Many bloggers operate in a bubble. This bubble includes themselves and perhaps a small number of bloggers that focus on topics similar to their own. I know that this is often true, even for me: I talk to a lot of other personal finance bloggers, but I rarely communicate outside of my own “circle.”
So why write about talking to other bloggers? Simple. Since I started disclaimer-statement.info, every time I have engaged a blogger outside of my own “circle” of blogging associates, the interaction has been worthwhile. This even includes somewhat negative interactions, like my debate with several non-personal finance bloggers over Wesabe. This positive response may be surprising to some (including myself, as I didn’t have this experience with earlier blogs), but I’ve found there are several keys to positive interactions with other bloggers.
Before you begin, though, you should define what you’re looking for. I’m often looking for intelligent people to discuss things with; usually, this comes down to finding an interesting blog that covers a topic I’m unfamiliar with. If the blog is interesting enough that it makes me want to become familair with the topic, then I don’t hesitate to write to the author of the blog. This may or may not lead to links, but for me I don’t really care too much – it’s about meeting new people and growing as a person, which will in itself improve me and by extension my blog.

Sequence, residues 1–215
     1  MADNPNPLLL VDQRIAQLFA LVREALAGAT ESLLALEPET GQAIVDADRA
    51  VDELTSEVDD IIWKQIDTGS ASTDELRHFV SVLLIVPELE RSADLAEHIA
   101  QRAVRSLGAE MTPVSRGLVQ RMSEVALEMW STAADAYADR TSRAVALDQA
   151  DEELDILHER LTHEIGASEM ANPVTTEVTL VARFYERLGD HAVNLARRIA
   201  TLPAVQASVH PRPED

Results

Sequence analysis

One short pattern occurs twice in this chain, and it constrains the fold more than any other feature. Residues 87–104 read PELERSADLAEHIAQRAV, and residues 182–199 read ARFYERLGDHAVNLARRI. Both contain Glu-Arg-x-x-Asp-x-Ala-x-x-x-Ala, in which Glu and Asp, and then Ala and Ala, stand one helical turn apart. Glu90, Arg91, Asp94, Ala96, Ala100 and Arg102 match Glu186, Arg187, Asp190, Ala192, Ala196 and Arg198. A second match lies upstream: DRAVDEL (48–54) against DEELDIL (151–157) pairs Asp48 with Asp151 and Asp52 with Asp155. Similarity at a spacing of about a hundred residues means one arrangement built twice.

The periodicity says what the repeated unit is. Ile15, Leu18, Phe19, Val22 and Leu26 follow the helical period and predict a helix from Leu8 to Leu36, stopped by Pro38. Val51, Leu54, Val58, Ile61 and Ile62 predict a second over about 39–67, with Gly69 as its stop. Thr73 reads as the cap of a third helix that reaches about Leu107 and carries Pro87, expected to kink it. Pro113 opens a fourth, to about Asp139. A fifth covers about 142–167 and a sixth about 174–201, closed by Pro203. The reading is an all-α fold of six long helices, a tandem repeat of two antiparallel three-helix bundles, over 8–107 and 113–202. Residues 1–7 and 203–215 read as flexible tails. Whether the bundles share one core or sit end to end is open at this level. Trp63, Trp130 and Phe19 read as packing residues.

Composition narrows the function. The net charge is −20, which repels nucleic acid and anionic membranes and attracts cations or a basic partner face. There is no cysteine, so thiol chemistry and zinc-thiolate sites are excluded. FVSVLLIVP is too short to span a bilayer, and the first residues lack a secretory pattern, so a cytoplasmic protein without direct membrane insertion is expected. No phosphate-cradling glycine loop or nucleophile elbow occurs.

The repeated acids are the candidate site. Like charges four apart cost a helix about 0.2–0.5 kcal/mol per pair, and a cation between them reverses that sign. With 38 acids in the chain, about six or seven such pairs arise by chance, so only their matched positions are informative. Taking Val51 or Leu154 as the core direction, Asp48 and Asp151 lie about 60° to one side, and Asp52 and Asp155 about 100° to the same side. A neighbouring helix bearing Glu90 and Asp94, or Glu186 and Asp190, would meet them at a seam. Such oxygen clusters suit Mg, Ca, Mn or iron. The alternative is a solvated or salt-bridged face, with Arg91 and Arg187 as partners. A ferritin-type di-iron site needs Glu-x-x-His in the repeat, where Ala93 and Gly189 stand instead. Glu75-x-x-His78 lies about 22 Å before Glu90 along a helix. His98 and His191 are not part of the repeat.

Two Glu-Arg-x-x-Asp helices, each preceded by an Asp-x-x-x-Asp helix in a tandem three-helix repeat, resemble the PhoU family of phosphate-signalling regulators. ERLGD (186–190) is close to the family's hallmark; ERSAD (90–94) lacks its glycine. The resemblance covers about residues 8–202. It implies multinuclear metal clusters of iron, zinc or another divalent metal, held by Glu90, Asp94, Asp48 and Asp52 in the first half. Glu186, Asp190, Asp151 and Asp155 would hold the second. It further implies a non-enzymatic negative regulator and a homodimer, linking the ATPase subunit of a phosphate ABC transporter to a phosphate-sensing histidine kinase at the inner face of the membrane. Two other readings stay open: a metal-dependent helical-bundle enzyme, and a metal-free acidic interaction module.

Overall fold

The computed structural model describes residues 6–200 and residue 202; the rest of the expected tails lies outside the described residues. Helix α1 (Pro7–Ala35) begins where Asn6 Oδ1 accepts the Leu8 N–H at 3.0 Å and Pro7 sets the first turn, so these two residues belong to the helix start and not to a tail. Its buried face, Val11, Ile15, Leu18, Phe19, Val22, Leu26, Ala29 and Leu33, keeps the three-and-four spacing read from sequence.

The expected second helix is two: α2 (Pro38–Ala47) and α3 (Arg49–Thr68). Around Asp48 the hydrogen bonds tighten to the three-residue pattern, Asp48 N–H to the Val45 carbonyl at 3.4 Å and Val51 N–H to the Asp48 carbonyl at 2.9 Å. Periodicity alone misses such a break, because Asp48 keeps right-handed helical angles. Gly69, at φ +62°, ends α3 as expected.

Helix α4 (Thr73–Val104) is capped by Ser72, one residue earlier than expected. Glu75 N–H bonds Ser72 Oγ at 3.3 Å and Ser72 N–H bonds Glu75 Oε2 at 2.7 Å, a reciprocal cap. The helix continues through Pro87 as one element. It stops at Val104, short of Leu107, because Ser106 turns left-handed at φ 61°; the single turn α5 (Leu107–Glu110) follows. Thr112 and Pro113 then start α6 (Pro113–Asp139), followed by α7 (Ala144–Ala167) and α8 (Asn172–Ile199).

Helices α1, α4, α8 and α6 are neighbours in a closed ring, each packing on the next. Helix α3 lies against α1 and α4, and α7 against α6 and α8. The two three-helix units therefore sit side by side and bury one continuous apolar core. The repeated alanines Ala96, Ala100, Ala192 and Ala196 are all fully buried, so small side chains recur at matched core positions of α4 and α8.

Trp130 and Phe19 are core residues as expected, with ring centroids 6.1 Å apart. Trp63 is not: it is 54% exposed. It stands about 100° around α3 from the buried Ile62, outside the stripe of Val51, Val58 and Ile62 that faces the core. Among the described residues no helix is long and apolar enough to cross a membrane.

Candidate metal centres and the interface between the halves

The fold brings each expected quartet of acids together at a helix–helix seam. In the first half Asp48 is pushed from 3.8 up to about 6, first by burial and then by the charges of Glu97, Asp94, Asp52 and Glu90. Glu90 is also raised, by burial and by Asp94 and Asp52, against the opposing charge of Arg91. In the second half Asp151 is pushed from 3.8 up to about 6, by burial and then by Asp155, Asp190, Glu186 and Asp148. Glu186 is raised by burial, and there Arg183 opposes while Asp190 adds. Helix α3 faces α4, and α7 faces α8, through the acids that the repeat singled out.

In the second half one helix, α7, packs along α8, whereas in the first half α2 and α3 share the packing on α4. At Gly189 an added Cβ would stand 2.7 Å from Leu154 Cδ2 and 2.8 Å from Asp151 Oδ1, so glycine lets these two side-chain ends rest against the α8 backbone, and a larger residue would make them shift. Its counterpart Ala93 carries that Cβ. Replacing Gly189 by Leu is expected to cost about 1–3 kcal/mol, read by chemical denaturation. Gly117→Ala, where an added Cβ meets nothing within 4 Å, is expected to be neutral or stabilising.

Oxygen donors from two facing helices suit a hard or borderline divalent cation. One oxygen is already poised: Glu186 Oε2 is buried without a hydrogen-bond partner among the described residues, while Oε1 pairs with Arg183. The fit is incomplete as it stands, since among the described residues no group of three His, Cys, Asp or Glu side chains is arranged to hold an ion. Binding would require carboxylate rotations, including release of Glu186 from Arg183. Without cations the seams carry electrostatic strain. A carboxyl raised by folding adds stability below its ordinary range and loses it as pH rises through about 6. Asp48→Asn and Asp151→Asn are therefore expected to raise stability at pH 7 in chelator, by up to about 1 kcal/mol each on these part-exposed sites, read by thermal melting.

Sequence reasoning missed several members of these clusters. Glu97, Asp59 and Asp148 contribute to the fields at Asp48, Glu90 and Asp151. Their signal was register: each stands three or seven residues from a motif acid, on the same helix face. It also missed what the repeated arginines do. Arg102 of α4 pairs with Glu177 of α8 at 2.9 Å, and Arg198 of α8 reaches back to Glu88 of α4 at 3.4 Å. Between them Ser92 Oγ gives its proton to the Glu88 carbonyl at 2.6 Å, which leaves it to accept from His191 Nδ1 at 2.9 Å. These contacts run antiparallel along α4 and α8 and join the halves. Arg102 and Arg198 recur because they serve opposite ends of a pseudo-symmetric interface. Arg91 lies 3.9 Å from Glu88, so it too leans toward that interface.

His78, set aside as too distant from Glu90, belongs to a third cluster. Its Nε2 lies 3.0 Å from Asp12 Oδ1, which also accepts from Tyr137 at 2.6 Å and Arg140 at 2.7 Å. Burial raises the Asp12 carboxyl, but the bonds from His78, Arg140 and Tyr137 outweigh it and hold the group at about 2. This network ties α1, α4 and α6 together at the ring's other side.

First, never begin an interaction by merely asking for a link. This is, of course, assuming that you want to actually want to begin a worthwhile discussion with that blogger; if all you want is a link, then go right ahead and ask. If you open up by asking for a link, you’re basically telling that blogger that all you want is something from him or her.
Second, try to engage the blogger right off the bat. The best way to do this is to ask questions about their blog, both content-specific and otherwise. If you’re engaged enough to write to the blogger, you’re probably engaged enough to have read several posts, so they should be able to provide you with enough fodder to ask questions.
Write something engaging that can trigger a response. A frothing “I luv ur blog!” email will make a popular blogger smile, but it won’t get anything in return. Since you’re hoping to establish a conversation, you’re going to need something more meaty than that. You can express an admiration for their blog, but there needs to be more content to your email, particularly something that triggers a response.
Include a link to your own blog, but don’t shove it in their face. I usually just include it as my signature right beneath my name, just enough so that if they find my email interesting, they might click on it. I usually don’t mention it any more than that at first unless they ask about it.
Look for opportunities to meet other bloggers. I live in rural Iowa, so my opportunities to meet other successful bloggers are rather slim, but I am always looking for opportunities for blogger meetups and conventions. Attending such events can not only bring about interactions with other bloggers, but it can also make you feel much better about your own blog, reinvigorating you with the spirit to blog.
Remember, above all, blogging is a conversation and bloggers are good conversationalists.
Building a Better Blog is a month-long series at disclaimer-statement.info, outlining steps you can take to build a long-term healthy blog that will attract readers. Jump ahead to the next essay, Don’t Clutter It Up, or back to the previous one, Engage the Casual Visitor.